At the outset, the Court recognizes that "the defense of qualified immunity protects only individual defendants sued in their individual capacity, not governmental entities. . . ." Rodriguez v. City of New York, 72 F.3d 1051, 1065 (2d Cir. 1995), citing, Hafer v. Melo, 502 U.S. 21, 25, 116 L. Ed. 2d 301, 112 S. Ct. 358 (1991). Although it is not entirely clear from the plaintiff's papers, it appears that the individual defendants are being sued in their individual capacities Nevertheless, for the sake of a complete record, the Court notes that to the extent that the defendants attempt to invoke the doctrine of qualified immunity to protect the Town, the Town Board, or the individual defendants acting in their official capacities, from civil liability for damages, their motion is denied.

  The issue with respect to the claims against the Board members acting in their individual capacities is more complicated. Given that the Court has already determined that the Town Board does maintain a certain amount of discretion with respect to the issuance of construction permits, it would appear that invocation of the qualified immunity defense might be appropriate. However, according to the Second Department, the Board's original decision to deny Equus the permit was at least, in part, political in nature. Equus, 615 N.Y.S.2d at 716. In the Court's view, if the plaintiff were able to demonstrate at trial that the Board's decision was so political as to constitute a violation of its First Amendment rights, application of the qualified immunity defense may be inappropriate. Accordingly, the Court finds that the better approach would be to revisit this issue at the end of the plaintiff's case at trial rather than on a motion for summary judgment. As a result, the defendant's motion for summary judgment with respect to the Board members acting in their individual capacities is denied without prejudice and with leave to resubmit. See DiMarco v. Rome Hosp. & Murphy Memorial Hosp., 952 F.2d 661, 665 (2d Cir. 1992) (recognizing that resolution of a qualified immunity issue may be better left for trial where the factual underpinnings of the defense are in dispute); see Martin A. Schwartz & John E. Kirkin, 1B Section 1983 Litigation § 9.34 (3d ed. 1997).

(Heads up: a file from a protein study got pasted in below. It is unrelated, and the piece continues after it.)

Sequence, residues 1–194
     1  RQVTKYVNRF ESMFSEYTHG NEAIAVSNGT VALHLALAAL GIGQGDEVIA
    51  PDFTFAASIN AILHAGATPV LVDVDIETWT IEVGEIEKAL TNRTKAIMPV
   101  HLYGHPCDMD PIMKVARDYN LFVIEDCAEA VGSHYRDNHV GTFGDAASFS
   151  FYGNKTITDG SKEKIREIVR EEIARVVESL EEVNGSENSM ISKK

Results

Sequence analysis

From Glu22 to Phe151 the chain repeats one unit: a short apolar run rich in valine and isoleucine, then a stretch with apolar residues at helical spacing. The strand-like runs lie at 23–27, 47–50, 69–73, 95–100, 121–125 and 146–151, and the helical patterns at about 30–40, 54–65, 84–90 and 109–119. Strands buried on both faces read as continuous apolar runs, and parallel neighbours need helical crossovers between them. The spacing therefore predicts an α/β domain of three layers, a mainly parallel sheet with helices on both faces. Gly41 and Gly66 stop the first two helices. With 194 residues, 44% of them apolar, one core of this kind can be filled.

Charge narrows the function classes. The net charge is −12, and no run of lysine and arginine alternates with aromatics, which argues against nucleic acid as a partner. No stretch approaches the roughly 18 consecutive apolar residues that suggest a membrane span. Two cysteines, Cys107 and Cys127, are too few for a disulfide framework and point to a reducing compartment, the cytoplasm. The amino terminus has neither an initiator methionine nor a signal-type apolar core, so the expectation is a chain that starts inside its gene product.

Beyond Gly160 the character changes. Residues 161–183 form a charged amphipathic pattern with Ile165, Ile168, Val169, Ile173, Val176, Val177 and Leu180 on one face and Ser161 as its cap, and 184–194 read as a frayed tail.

Finally, the Court notes that defendant Patrick Heaney, Sr. is deceased. Accordingly, the plaintiff must amend his complaint to either moves against a representative of Heaney's estate, or to remove him as a named defendant.

 III. Conclusion

 Having reviewed the parties' submissions, and the court file, and the for the reasons set forth above, it is hereby

 ORDERED, that the plaintiff's motion for summary judgment with respect to the liability on its substantive due process claim pursuant to Fed. R. Civ. P. 56, is denied; it is further

 ORDERED, that the defendants' motion for summary judgment with respect to the plaintiff's substantive due process claim is granted pursuant to Fed. R. Civ. P. 56, and is denied with respect to qualified immunity without prejudice and with leave to resubmit at the end of the plaintiff's case; it is further

 ORDERED, that the plaintiff is granted leave to file a Second Amended Complaint within 30 days from the date of this memorandum of decision and order to either delete Patrick Heaney, Sr. as a named defendant or to move against a representative of his estate; and it is further

 ORDERED, that the parties are directed to appear on Wednesday, September 10, 1997 at 9:00 a.m. for a status conference.

 SO ORDERED.

 Dated: Uniondale, New York

 August 27, 1997

 Hon. Arthur D. Spatt

 United States District Judge

19970827